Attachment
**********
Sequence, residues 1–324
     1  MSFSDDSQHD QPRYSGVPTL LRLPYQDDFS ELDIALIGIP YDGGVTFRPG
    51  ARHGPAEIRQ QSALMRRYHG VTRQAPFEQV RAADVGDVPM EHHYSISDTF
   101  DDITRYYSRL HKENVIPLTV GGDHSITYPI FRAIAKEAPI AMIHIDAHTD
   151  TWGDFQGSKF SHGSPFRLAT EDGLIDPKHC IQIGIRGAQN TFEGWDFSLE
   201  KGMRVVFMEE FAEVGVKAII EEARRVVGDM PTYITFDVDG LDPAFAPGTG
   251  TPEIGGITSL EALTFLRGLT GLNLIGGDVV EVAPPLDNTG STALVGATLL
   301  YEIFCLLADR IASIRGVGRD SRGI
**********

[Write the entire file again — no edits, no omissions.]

Sequence, residues 1–324
     1  MSFSDDSQHD QPRYSGVPTL LRLPYQDDFS ELDIALIGIP YDGGVTFRPG
    51  ARHGPAEIRQ QSALMRRYHG VTRQAPFEQV RAADVGDVPM EHHYSISDTF
   101  DDITRYYSRL HKENVIPLTV GGDHSITYPI FRAIAKEAPI AMIHIDAHTD
   151  TWGDFQGSKF SHGSPFRLAT EDGLIDPKHC IQIGIRGAQN TFEGWDFSLE
   201  KGMRVVFMEE FAEVGVKAII EEARRVVGDM PTYITFDVDG LDPAFAPGTG
   251  TPEIGGITSL EALTFLRGLT GLNLIGGDVV EVAPPLDNTG STALVGATLL
   301  YEIFCLLADR IASIRGVGRD SRGI